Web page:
In Andreas the poet relates, in language reminiscent of Beowulf, the tribulations of the apostles Andrew and Matthew in a city of cannibals. In The Vision of the Cross (also known as The Dream of the Rood), the cross speaks as a Germanic warrior intolerably torn between the imperative to protect his Lord and the duty to become his means of execution. In Guthlac A, an Anglo-Saxon warrior abandons his life of violence to do battle as a hermit against demons in the fens of Lincolnshire. As a collection these ten anonymous poems vividly demonstrate the extraordinary hybrid that emerges when traditional Germanic verse adapts itself to Christian themes.

Old English Poems of Christ and His Saints complements the saints' lives found in The Old English Poems of Cynewulf, DOML 23.


logo for Harvard University Press
Old English Shorter Poems
Robert E. Bjork
Harvard University Press, 2014

The twenty-five poems and eleven metrical charms in this Old English volume offer tantalizing insights into the mental landscape of the Anglo-Saxons. The Wanderer and The Seafarer famously combine philosophical consolation with introspection to achieve a spiritual understanding of life as a journey. The Wife’s Lament, The Husband’s Message, and Wulf and Eadwacer direct a subjective lyrical intensity on the perennial themes of love, separation, and the passion for vengeance. From suffering comes wisdom, and these poems find meaning in the loss of fortune and reputation, exile, and alienation. “Woe is wondrously clinging; clouds glide,” reads a stoic, matter-of-fact observation in Maxims II on nature’s indifference to human suffering. Another form of wisdom emerges in the form of folk remedies, such as charms to treat stabbing pain, cysts, childbirth, and nightmares of witch-riding caused by a dwarf. The enigmatic dialogues of Solomon and Saturn combine scholarly erudition and proverbial wisdom. Learning of all kinds is celebrated, including the meaning of individual runes in The Rune Poem and the catalog of legendary heroes in Widsith.

This book is a welcome complement to the previously published DOML volume Old English Shorter Poems, Volume I: Religious and Didactic.


logo for Harvard University Press
Old English Shorter Poems
Christopher A. Jones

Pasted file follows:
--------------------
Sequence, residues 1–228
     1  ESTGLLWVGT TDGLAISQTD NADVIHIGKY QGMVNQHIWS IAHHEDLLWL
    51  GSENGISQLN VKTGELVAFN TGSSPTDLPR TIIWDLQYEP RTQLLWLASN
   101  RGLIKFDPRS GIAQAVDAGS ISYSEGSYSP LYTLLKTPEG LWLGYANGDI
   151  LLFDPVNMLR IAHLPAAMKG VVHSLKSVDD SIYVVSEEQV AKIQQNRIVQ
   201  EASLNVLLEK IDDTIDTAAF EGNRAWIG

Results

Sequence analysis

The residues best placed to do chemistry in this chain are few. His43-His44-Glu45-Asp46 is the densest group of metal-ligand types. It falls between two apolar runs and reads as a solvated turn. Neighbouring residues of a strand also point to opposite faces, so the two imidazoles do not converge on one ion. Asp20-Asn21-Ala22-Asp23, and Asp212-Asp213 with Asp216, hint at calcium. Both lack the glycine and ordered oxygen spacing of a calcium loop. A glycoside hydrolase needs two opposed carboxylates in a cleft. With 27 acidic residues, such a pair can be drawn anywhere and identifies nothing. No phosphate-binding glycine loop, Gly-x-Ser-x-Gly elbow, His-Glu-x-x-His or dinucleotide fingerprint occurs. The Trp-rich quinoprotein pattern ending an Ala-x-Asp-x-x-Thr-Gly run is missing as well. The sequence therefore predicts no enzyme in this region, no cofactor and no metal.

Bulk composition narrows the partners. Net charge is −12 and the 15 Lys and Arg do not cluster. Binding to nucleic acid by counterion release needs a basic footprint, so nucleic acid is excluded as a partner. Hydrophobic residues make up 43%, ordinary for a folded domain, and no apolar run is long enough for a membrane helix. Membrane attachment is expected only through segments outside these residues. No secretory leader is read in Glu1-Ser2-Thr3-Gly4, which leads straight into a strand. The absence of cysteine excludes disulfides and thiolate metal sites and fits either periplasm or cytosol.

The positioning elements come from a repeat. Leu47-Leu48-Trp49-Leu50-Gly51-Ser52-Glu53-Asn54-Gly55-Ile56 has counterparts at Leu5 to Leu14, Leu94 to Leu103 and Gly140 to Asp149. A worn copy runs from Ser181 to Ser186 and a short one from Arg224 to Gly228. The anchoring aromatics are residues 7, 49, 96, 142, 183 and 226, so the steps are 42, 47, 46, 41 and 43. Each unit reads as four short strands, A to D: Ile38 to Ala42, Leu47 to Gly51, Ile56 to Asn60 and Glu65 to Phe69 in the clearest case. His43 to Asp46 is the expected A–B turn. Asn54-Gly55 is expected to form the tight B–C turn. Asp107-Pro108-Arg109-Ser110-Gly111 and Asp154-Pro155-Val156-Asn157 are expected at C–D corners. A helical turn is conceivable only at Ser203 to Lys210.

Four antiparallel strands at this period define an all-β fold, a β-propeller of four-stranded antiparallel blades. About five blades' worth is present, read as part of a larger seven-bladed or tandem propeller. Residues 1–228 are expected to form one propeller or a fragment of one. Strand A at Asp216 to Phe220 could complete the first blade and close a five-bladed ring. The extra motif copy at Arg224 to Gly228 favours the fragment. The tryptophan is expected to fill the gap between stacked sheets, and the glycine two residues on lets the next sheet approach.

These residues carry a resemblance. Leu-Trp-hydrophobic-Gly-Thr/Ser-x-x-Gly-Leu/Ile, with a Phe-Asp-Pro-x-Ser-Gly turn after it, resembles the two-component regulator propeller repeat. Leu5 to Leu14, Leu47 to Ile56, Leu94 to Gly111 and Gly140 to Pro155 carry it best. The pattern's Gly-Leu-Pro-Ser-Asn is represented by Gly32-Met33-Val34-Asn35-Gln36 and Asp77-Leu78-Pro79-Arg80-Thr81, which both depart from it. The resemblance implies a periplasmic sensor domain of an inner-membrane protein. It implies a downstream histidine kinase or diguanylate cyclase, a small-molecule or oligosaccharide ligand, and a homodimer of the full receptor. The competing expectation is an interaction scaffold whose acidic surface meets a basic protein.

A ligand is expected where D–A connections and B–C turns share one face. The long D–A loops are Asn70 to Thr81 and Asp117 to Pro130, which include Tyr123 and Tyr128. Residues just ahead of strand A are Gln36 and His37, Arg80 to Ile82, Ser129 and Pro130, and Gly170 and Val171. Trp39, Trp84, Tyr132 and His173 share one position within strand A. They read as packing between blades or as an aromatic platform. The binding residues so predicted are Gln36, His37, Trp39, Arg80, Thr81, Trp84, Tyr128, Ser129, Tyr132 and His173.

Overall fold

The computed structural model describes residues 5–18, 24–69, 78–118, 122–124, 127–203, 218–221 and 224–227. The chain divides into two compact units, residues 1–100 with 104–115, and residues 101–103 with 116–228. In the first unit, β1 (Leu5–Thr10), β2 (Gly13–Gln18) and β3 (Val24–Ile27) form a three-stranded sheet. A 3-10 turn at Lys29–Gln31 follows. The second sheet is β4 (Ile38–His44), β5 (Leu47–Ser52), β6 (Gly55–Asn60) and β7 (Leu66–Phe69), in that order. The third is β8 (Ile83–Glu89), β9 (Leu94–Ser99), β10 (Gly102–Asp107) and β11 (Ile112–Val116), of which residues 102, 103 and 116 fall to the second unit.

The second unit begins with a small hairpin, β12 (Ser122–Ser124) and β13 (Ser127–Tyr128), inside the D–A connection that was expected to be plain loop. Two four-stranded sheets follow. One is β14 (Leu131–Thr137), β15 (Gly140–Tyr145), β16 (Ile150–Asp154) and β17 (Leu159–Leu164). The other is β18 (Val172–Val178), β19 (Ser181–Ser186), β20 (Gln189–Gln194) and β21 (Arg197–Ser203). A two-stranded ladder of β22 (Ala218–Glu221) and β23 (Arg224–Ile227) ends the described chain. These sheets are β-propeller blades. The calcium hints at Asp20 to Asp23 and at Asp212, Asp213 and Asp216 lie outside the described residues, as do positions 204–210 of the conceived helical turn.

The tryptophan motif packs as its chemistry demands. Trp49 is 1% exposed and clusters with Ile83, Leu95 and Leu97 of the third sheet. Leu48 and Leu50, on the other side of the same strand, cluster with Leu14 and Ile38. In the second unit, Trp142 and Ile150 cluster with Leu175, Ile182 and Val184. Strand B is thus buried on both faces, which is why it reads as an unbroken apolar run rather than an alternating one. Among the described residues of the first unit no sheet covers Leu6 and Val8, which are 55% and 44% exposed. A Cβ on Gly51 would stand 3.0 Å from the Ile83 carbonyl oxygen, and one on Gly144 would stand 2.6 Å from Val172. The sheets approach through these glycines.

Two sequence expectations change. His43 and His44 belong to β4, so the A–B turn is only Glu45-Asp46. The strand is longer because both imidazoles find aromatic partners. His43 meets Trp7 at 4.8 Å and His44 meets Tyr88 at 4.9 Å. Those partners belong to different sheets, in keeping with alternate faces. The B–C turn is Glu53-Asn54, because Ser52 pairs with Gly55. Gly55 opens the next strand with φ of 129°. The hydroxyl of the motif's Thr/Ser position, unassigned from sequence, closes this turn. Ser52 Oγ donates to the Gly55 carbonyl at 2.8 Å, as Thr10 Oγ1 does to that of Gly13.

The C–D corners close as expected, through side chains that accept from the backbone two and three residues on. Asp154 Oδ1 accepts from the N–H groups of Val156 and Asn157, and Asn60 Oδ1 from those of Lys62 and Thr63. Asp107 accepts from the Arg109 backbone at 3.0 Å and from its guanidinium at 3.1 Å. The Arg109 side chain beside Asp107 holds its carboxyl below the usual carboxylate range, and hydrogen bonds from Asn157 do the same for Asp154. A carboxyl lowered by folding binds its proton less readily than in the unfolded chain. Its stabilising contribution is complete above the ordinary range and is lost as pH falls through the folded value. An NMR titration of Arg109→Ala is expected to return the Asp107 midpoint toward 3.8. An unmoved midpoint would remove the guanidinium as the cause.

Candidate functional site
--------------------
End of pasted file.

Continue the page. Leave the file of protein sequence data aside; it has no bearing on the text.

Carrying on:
Harvard University Press, 2012

Alongside famous long works such as Beowulf, Old English poetry offers a large number of shorter compositions, many of them on explicitly Christian themes. This volume of the Dumbarton Oaks Medieval Library presents twenty-nine of these shorter religious poems composed in Old and early Middle English between the seventh and twelfth centuries. Among the texts, which demonstrate the remarkable versatility of early English verse, are colorful allegories of the natural world, poems dedicated to Christian prayer and morality, and powerful meditations on death, judgment, heaven, and hell.

Previously edited in many different places and in some instances lacking accessible translations, many of these poems have remained little known outside scholarly circles. The present volume aims to offer this important body of texts to a wider audience by bringing them together in one collection and providing all of them with up-to-date translations and explanatory notes. An introduction sets the poems in their literary-historical contexts, which are further illustrated by two appendices, including the first complete modern English translation of the so-called Old English Benedictine Office.


front cover of Old Testament Narratives
Old Testament Narratives
Daniel Anlezark
Harvard University Press, 2011

The Old English poems in this volume are among the first retellings of scriptural texts in a European vernacular. More than simple translations, they recast the familiar plots in daringly imaginative ways, from Satan's seductive pride (anticipating Milton), to a sympathetic yet tragic Eve, to Moses as a headstrong Germanic warrior-king, to the lyrical nature poetry in Azarias.